Phoenix Cryptolocker Ransomware Threat Intel Advisory

Published 29 April 2021


  • Phoenix Cryptolocker ransomware reportedly targeted the insurance giant CNA, in March 2021
  • The ransomware is believed to be linked to the Evil Corp threat group

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Advisory Type
Malware Intelligence
Malware Name
Phoenix Cryptolocker
Malware Type
Ransomware
Target Platform
Windows

Executive Summary

Phoenix Cryptolocker ransomware is a new variant of malware that reportedly targeted the insurance giant CNA, in March 2021. CNA’s customer and employee services were disrupted for 3 days, due to the attack. The ransomware is believed to be linked to the Evil Corp threat group as its code resembles the one used by Evil Corp in its previous ransomware. The new variant targets files with multiple extensions, leaving behind a ransom note along with the threat actor’s Telegram contact, “phoenix helpdesk”.

Technical Details

Based on the assumed connection with the Evil Corp threat group the initial access to the network is done by using RDP (Remote Desktop Protocol) or by using compromised credentials to access VPS (Virtual Private Servers). The ransomware masquerades as a legitimate software signed with a digital certificate issued by “SATURDAY CITY LIMITED.” It tricks the user into launching the software. Once the ransomware is executed it enumerates the system folders and directories for specific file extensions, encrypts the targeted files, and appends a “.phoenix“ extension to the encrypted files. They then leave a ransom note in the file “phoenix-help.txt.”

Phoenix Ransome Note
Phoenix-help.txt ransom note

Impact

Technical Impact
  • This ransomware comes as a legit signed software tricking the victim to execute it.
  • Encrypting the victims data. 
Business Impact
  • Encrypting the data makes a big impact on the business continuity process.
  • Affects the reputation of the victim company.

Mitigation

  • Maintain and update backup of all data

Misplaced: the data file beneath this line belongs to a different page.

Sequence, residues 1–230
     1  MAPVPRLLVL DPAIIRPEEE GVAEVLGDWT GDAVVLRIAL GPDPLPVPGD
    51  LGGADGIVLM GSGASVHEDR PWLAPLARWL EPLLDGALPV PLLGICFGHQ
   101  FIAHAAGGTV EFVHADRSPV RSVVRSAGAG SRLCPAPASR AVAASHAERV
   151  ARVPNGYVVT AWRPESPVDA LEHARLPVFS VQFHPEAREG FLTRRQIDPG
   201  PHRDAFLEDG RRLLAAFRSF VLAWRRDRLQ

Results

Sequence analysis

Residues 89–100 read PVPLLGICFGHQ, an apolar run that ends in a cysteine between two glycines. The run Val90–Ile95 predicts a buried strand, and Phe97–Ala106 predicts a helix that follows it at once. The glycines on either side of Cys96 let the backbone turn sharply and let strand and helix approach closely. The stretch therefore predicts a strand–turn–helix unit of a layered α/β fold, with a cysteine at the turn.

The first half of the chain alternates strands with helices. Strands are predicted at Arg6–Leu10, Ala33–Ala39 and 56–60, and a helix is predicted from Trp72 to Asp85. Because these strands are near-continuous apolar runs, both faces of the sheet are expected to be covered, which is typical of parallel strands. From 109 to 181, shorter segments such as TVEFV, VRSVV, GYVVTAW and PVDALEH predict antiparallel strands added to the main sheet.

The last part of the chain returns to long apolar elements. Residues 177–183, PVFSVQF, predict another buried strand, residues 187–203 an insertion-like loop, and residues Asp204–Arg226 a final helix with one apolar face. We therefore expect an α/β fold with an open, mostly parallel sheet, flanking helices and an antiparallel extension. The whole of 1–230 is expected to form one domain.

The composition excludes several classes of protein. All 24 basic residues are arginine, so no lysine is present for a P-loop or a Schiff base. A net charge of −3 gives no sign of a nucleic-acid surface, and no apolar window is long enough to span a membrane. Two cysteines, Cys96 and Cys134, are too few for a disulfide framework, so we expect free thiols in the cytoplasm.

• Grant only minimum levels of access/ permissions to all users
  • Isolate infected machines from the network
  • Update all credentials with a strong and secure one
  • Use updated version of AV, prevention and detection security tools
  • Use multi-factor authentication for all system accounts

Tactics, Techniques, and Procedures

Tactics
Techniques
Execution
T1059 Command and Scripting Interpreter
T1106 Native API
T1204 User Execution
T1047 Windows Management Instrumentation
Persistence
T1543.003 Windows Service
Privilege Escalation
T1543.003 Windows Service
Defense Evasion
T1222.001 Windows File and Directory Permissions Modification
T1564.001 Hidden Files and Directories
T1218 Signed Binary Proxy Execution
T1070.004 File Deletion
T1036 Masquerading
T1027 Obfuscated Files or Information
T1027.002 Software Packing
Discovery
T1083 File and Directory Discovery
T1518.001 Security Software Discovery
T1082 System Information Discovery
Collection
T1560 Archive Collected Data
T1005 Data from Local System
Command and Control
T1573 Encrypted Channel
Impact
T1486 Data Encrypted for Impact

 

Indicators of Compromise

SHA256
008ec79765325200361d9c93ac35edd430f8b17894ff843268caa5acd6224549
File
C:\Users\user\AppData\Roaming\DataWlan\Dfrg
C:\Users\user\AppData\Roaming\DataWlan\Dfrg:Zone.Identifier
URL
http://crl.sectigo.com/SectigoRSATimeStampingCA.crl0t
http://crl.sectigo.com/SectigoRSACodeSigningCA.crl0s
https://sectigo.com/CPS0
http://ocsp.sectigo.com0
http://crt.sectigo.com/SectigoRSACodeSigningCA.crt0#
http://crt.sectigo.com/SectigoRSATimeStampingCA.crt0#
https://sectigo.com/CPS0D
https://t.me/phdecrypt

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